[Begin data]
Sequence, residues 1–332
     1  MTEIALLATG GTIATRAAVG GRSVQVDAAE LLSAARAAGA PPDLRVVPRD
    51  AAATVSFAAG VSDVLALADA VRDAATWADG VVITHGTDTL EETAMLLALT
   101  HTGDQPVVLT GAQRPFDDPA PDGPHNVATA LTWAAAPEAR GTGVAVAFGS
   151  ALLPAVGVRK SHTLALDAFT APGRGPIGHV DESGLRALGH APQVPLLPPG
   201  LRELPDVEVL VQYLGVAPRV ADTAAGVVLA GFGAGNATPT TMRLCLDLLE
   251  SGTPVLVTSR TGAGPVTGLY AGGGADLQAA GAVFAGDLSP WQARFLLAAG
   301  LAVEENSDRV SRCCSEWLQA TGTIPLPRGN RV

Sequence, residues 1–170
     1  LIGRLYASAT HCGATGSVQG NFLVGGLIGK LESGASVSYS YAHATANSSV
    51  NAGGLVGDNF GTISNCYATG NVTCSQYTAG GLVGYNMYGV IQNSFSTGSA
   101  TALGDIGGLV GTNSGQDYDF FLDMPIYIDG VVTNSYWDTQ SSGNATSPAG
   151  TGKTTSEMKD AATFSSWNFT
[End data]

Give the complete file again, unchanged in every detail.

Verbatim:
Sequence, residues 1–332
     1  MTEIALLATG GTIATRAAVG GRSVQVDAAE LLSAARAAGA PPDLRVVPRD
    51  AAATVSFAAG VSDVLALADA VRDAATWADG VVITHGTDTL EETAMLLALT
   101  HTGDQPVVLT GAQRPFDDPA PDGPHNVATA LTWAAAPEAR GTGVAVAFGS
   151  ALLPAVGVRK SHTLALDAFT APGRGPIGHV DESGLRALGH APQVPLLPPG
   201  LRELPDVEVL VQYLGVAPRV ADTAAGVVLA GFGAGNATPT TMRLCLDLLE
   251  SGTPVLVTSR TGAGPVTGLY AGGGADLQAA GAVFAGDLSP WQARFLLAAG
   301  LAVEENSDRV SRCCSEWLQA TGTIPLPRGN RV

Sequence, residues 1–170
     1  LIGRLYASAT HCGATGSVQG NFLVGGLIGK LESGASVSYS YAHATANSSV
    51  NAGGLVGDNF GTISNCYATG NVTCSQYTAG GLVGYNMYGV IQNSFSTGSA
   101  TALGDIGGLV GTNSGQDYDF FLDMPIYIDG VVTNSYWDTQ SSGNATSPAG
   151  TGKTTSEMKD AATFSSWNFT